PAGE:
The National Association of Bolivian Journalists (ANPB, for its initials in Spanish) and the Association of Journalists of La Paz (APLP) have declared an “emergency” in rejection of articles of the country’s new Penal Code the entities say could be used against professionals in retaliation for their work.
At the center of the associations’ concerns are Articles 309, 310 and 311 which establish sanctions for the offenses of injuria, calumnia and defamation, and article 246, which regulates punishment for the use of personal data or confidential information of others "in order to affect the image and dignity of the victim."
In a statement released on Jan. 7, the ANPB and APLP expressed their rejection of the first three because of their "ambiguity" and expressed their concern about the "risk of political exploitation" of the latter. The associations affirmed that "they will not allow the articles cited to overlap with the current Press Law, nor that it will violate the freedom of expression of the Bolivian people."
“Freedom of expression is supported by the Political Constitution of the State, in Article 107, and recognizes the Press Law as the norm that regulates the work of journalists through self-regulation through its courts of honor and the National Court of Journalistic Ethics,” ANPB and APLP said.
The president of the Chamber of Deputies, Gabriela Montaño said that articles 309, 310 and 311 were already contained in the previous Penal Code and that the punishment of anyone found guilty of injuria, calumnia or defamation consisted of apologizing to those offended, according to La Razón. The new Code, Montaño said, aggravates the penalty for these crimes if they are committed through a media outlet, demanding the payment of a fine to the person the judge considers was impaired by the statements.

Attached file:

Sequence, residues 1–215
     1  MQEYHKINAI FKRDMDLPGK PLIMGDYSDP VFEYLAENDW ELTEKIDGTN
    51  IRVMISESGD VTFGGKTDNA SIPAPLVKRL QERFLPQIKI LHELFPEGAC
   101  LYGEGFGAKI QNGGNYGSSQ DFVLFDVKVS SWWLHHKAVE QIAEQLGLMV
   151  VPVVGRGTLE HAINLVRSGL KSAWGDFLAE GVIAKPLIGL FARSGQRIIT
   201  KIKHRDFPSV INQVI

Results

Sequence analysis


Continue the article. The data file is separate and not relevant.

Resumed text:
However, if a person is found to be a repeat offender of the offenses of injuría, calumnia or defamation against the same victim, Article 44 of the new Penal Code provides for imprisonment between one month and one year in the case of a culpable crime, and between six months and three years in the case of intentional crime.
The ANPB and the APLP called on their members to "remain vigilant" and to attend the Extraordinary Congress that will be held on Jan. 26 and 27 in Cochabamba, whose main theme will be the "analysis of the new Code of the Penal System and its impact on the Press Law and freedom of expression.”
The new Penal Code, promulgated by Bolivian Vice President Álvaro García Pinera in December, has faced opposition from various civil groups and professional sectors. Media associations and journalists already protested in September that Article 200, which sanctions professional misconduct, could mean the criminalization of journalists. After a few weeks of mobilization, Bolivian congress members finally excluded communications professionals from Article 200 and added Article 195, which penalizes crimes against freedom of expression and the press.
Note from the editor: This story was originally published by the Knight Center’s blog Journalism in the Americas, the predecessor of LatAm Journalism Review.